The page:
Second skin technology is an artificial skin on the skin that can instantly hide unevenness, wrinkles, and sagging skin.⁠

I have a facial care device, and after washing my face, I like the act of placing it on my face and applying a small amount of electric current to my face.⁠

Is it because my skin is technologically systematized? Maybe it is because it is a shortcut to becoming a cyborg.⁠

I Regret To Inform You The Dr. Dennis Gross Skincare LED Mask Is Worth Every Penny
Published by HuffPost⁠
Written by Lourdes Avila Uribe
Mar. 25, 2022⁠

Read the article Here

With 3 million Youtube subscribers, Kizuna Ai is a Vtuber (Virtual Youtuber) pioneer and one of Japan's most famous celebrities.⁠

While browsing YouTube the other day, a TV show featuring Kizuna Ai came on and I felt the possibility of glitch feminism from Kizuna's presence.⁠

Japanese variety TV shows are usually hosted by male comedians and are often subjected to gender and sexual harassment against young female talents.⁠

But when Kizuna appeared on the TV show as a guest celebrity, the situation was completely different.⁠

The harassing language and patriarchal intimidating attitude used against human female counterparts did not pass muster with her as a virtual human. She does not have the physicality to be harassed in the first place.⁠

The comedians were completely at the mercy of Kizuna's virtual human perception.⁠

In terms of a physicality that is not trampled by the patriarchal system, the anime idol-like design of Kizuna's figuration is difficult to judge.⁠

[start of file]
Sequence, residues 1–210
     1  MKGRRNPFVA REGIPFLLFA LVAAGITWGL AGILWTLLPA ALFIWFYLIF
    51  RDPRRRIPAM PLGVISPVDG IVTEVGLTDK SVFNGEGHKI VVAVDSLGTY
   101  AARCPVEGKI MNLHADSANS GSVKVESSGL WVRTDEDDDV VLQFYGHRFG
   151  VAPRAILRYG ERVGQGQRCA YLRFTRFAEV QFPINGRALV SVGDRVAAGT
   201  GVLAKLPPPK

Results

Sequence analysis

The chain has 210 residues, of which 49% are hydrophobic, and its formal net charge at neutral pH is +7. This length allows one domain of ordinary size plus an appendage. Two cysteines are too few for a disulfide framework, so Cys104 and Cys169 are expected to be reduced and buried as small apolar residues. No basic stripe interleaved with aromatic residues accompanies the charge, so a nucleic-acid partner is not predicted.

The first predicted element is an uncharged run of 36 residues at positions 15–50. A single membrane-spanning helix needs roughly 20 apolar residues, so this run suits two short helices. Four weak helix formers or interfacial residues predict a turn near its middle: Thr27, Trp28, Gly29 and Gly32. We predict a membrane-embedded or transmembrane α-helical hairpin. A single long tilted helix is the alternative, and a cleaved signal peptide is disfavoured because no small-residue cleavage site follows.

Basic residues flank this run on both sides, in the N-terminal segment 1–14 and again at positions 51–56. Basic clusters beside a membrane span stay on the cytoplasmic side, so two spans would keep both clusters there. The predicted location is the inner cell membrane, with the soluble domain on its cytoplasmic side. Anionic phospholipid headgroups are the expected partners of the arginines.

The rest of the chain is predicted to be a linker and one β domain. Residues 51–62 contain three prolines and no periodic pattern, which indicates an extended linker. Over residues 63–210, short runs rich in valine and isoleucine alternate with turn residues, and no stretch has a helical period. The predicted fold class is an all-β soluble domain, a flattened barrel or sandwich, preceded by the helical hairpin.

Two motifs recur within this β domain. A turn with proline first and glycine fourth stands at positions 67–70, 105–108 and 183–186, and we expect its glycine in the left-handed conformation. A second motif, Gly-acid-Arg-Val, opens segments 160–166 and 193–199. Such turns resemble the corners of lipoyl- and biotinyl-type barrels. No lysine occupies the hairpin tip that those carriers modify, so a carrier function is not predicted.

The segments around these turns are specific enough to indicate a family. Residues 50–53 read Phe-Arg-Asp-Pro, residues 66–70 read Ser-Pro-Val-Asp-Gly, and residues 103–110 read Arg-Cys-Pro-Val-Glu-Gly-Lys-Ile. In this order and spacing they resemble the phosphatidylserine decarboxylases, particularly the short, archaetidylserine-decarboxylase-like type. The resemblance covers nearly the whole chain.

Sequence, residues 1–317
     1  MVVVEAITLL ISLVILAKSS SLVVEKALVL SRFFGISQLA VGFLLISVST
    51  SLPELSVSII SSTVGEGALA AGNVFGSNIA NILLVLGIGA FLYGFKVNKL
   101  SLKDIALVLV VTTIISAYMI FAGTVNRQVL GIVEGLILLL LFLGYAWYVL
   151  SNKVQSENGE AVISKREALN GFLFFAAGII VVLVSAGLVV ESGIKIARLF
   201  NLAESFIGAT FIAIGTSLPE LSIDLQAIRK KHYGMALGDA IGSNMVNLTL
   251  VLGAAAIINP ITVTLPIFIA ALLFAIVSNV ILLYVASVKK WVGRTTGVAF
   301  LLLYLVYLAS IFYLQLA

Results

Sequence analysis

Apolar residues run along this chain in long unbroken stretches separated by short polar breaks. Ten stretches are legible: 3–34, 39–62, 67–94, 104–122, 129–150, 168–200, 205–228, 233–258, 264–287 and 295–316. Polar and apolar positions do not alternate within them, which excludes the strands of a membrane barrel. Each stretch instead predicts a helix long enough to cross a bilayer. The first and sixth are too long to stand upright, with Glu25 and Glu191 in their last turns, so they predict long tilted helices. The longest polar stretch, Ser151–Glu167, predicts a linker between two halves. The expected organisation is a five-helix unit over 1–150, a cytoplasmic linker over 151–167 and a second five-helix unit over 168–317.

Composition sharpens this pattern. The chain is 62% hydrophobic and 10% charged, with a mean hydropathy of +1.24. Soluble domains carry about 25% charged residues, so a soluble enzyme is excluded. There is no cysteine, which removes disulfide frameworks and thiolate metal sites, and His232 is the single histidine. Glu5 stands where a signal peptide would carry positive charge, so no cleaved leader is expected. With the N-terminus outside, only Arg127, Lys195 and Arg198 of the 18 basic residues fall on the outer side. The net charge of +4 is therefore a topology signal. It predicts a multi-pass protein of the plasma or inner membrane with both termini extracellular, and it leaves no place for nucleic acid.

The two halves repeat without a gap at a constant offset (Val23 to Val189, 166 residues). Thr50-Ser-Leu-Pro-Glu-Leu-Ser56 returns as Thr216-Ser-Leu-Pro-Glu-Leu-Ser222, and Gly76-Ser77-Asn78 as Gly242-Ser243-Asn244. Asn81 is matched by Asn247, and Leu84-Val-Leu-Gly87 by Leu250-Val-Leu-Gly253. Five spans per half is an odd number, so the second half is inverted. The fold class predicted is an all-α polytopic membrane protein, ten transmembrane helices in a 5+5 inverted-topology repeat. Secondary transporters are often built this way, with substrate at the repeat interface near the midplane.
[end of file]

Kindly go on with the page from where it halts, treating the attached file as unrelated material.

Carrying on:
However, the presence of Kizuna Ai in the patriarchal space of the real world was clearly an embodiment of what glitch feminism is all about. ⁠

Leading VTuber Kizuna AI Confirms Anime Project Debut
Published by Virtual Humans⁠
Written by Astrid Hiort
Mar. 29, 2022⁠

Read the article Here

This is my last news share today.
This is an article from before I moved to the US, in 2018, when I was featured in Japan Today, a major English-language media outlet in Japan.

What does it mean to be a Cultural Bridge?
I began to think about the otherness of my own existence in the United States.
Japan is a country with a long tradition and culture.
This tradition is rooted in essentialism, and this tradition is imbued with a long history of patriarchy.
Tradition is part of Japan's identity, and I understand its artistry.
However, traditional culture and today’s art have very different contexts.

In 2019, an exhibition at the Aichi Triennale in Japan that curated only political works was cancelled due to right-wing repression.
Threats were sent to the venue, including "bomb the exhibition" and "kill anyone involved in the exhibition."
These social backgrounds are the reason why many Japanese artists (including younger ones) create works attributed to essentialism or attributed to subcultures such as animation.

“The squeaky wheel gets oiled” describes American society, whereas the proverb "A nail that stands will be hammered down." describes Japanese society, which is a striking illustration of how different the social structures of Japan and the United States are.

What does peace and silence mean?
There are many reasons why Japanese society cannot permanently break away from essentialism.
Language, religion, ethics, and environment, including the proverb mentioned earlier, build tradition and shape society.
In a homogenized society, society is opinion and identity. In Japanese society, individual identity is completely opaque.

When I participated in an online feminist talk in Japan, a Japanese feminist advised Japanese high school students, "You are still young. Study English and move abroad."
These words sum it up. 
Once again I am confronting and critiquing my previous thinking attributed to essentialism.

Now in 2022 the context of “Cultural Bridge” is constantly renewing and changing in my mind.

Ibuki Kuramochi: A cultural bridge from Japan to the world
Published by Japan Today
Written by Nancy Green
Sep. 5, 2018

Read the article Here